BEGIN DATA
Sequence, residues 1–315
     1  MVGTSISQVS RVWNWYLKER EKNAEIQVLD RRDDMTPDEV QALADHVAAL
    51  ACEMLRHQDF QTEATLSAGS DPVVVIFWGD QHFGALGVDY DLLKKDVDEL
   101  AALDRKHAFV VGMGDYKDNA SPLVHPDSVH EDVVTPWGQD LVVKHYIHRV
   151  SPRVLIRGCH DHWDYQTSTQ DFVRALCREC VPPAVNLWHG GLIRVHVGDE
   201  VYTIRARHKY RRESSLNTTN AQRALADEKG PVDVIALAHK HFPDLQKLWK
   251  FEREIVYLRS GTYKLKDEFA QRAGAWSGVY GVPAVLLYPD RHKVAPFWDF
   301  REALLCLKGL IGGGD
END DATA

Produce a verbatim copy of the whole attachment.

Sequence, residues 1–315
     1  MVGTSISQVS RVWNWYLKER EKNAEIQVLD RRDDMTPDEV QALADHVAAL
    51  ACEMLRHQDF QTEATLSAGS DPVVVIFWGD QHFGALGVDY DLLKKDVDEL
   101  AALDRKHAFV VGMGDYKDNA SPLVHPDSVH EDVVTPWGQD LVVKHYIHRV
   151  SPRVLIRGCH DHWDYQTSTQ DFVRALCREC VPPAVNLWHG GLIRVHVGDE
   201  VYTIRARHKY RRESSLNTTN AQRALADEKG PVDVIALAHK HFPDLQKLWK
   251  FEREIVYLRS GTYKLKDEFA QRAGAWSGVY GVPAVLLYPD RHKVAPFWDF
   301  REALLCLKGL IGGGD